Jan 31 2008

Some Tribes See Props 94-97 as Unfair

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Slot MachinesGUESTS: Quanah Brightman, Vice President of United Native Americans Inc, John Gomez Snr, Vice Chairman of the American Indian Rights and Resources Organization

When Californians head to the polls this Tuesday for the state’s primary elections, they will also decide on four American Indian gaming propositions on the state ballot. Originally compacts signed by Governor Schwarzenegger and four Southern California tribes, the agreements would significantly change the relationship between state and local governments with Indian casinos. Though already ratified by the California legislature last year, groups opposed to the compacts gathered enough signatures to force the issue to be put on the ballot. Proponents of propositions 94 through 97, say that the deals allowing four Indian gaming casinos to add thousands of new slot machines will ultimately benefit California’s budget shortfall. In exchange for expansions, a larger share of revenues from the casinos would be paid to the state annually on top of a quarter of all new profits from the new slot machines. Opposition to the compacts has come from a diverse group including competing Indian casinos, a horse track owner, hotel and casino worker unions, and Native American groups. Some tribes are concerned that the propositions, if passed, will largely concentrate gambling revenues into the hand of four tribes. Others are demanding that the California Nations Indian Gaming Association use increased revenues to restart California’s D-Q University, the nation’s first indigenously controlled college.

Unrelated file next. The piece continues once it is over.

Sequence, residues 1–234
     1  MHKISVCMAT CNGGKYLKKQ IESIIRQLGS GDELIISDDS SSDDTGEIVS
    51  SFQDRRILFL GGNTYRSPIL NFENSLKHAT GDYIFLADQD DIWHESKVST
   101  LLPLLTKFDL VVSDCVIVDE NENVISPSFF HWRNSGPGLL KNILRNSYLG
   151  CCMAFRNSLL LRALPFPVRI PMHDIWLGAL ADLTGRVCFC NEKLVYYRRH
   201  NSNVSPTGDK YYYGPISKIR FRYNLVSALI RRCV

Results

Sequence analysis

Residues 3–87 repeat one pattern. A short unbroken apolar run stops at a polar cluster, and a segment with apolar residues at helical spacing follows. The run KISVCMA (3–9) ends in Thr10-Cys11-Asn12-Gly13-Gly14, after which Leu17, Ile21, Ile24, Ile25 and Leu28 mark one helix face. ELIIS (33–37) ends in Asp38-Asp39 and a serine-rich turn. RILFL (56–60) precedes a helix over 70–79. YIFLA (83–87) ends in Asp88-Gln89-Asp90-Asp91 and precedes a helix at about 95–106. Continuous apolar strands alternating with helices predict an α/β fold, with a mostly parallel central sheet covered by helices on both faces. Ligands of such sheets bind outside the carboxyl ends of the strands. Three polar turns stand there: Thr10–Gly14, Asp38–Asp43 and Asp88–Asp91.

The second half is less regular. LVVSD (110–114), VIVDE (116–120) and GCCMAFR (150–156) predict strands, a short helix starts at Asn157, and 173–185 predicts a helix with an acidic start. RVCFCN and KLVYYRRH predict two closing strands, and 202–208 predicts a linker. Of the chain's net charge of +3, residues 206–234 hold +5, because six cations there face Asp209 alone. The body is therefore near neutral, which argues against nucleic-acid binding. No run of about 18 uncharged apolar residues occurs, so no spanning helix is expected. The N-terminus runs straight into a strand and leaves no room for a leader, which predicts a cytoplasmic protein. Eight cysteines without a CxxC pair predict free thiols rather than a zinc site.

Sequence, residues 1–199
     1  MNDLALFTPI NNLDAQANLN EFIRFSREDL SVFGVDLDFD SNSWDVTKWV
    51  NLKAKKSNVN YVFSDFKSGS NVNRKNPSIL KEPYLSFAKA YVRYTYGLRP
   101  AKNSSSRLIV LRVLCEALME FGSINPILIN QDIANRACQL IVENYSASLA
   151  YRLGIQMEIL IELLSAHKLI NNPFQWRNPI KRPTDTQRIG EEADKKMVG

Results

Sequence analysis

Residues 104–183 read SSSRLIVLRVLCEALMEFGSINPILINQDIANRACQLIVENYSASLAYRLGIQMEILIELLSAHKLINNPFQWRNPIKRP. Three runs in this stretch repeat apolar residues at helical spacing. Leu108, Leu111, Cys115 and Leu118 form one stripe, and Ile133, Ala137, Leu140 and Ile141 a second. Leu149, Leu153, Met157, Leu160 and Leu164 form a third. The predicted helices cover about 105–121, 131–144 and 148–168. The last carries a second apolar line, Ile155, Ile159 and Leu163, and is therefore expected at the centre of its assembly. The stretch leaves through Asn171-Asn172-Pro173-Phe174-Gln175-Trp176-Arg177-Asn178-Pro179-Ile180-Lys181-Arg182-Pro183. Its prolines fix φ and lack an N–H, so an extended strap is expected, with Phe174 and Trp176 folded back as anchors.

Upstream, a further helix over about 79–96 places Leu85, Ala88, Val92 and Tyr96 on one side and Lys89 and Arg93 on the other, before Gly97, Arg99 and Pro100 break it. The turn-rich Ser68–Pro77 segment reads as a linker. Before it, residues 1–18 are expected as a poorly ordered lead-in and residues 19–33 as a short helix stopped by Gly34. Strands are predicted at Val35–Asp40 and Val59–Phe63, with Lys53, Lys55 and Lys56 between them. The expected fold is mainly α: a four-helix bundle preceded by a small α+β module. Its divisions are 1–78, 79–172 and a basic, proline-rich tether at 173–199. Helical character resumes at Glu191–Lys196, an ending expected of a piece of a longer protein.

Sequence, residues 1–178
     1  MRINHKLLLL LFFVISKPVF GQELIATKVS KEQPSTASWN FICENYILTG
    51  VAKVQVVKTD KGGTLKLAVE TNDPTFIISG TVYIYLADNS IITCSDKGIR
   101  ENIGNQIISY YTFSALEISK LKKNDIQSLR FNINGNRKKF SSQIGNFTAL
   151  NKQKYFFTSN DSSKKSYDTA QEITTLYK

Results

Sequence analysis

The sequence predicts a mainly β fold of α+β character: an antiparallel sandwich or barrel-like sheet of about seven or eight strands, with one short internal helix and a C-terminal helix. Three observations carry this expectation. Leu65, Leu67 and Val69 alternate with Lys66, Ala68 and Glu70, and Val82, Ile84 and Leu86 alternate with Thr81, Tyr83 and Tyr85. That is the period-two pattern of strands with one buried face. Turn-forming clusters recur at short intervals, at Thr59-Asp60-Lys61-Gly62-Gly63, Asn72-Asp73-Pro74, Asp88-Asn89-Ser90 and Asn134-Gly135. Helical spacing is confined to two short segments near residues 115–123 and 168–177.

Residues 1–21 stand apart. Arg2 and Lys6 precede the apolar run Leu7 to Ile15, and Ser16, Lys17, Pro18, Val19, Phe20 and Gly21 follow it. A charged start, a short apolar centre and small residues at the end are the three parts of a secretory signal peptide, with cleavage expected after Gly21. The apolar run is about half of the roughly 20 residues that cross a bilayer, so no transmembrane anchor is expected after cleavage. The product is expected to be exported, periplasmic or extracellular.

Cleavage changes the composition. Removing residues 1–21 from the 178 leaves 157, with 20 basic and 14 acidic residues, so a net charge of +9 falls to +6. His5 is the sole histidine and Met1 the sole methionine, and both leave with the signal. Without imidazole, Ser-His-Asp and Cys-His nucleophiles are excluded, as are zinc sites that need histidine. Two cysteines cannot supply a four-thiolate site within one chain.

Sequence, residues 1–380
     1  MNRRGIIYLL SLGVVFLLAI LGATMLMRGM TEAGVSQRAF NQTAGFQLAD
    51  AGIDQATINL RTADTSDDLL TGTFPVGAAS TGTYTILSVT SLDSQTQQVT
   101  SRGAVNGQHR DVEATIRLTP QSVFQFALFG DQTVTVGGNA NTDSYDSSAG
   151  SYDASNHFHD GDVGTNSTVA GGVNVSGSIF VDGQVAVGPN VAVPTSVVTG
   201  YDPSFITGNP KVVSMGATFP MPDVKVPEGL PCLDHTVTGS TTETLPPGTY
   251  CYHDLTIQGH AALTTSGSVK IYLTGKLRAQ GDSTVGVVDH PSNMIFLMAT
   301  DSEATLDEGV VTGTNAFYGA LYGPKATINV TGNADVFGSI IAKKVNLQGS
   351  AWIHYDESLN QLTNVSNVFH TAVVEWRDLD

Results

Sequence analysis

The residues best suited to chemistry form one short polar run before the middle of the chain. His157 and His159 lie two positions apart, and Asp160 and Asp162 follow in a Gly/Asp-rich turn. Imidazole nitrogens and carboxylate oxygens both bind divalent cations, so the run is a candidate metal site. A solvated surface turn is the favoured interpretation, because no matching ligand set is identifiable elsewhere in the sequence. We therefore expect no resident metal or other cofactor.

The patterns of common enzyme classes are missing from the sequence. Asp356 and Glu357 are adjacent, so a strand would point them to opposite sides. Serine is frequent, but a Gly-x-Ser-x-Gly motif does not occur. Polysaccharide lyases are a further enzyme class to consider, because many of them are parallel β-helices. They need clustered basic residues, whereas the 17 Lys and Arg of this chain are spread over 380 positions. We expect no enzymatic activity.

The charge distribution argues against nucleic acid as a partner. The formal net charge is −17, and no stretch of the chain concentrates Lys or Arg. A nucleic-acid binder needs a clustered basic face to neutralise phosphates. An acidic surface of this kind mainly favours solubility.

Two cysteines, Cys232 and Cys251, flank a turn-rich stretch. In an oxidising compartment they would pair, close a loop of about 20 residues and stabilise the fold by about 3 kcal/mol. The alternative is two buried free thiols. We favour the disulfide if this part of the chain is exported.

For more information, visit www.nounfairdeals.com, and www.yesforcalifornia.com.

2 responses so far

2 Responses to “Some Tribes See Props 94-97 as Unfair”

  1. N4Pon 31 Jan 2008 at 4:33 pm

    Hola,

    i don’t have a comment other then to say you have a great show.

    But i actually wanted to know if someone could send me a mailing address so i could send you some music from my group.

    thanx

  2. Native American researcheron 01 Feb 2008 at 8:23 am

    Yes, this is a very controversial issue. However, some are using to to go against Native American gaming in general, which I am in favor of. Gaming has allowed tribes to invest in their culture via schools, programs, language revitalization efforts, and the like. It would be nice if some of the money went towards D-Q University.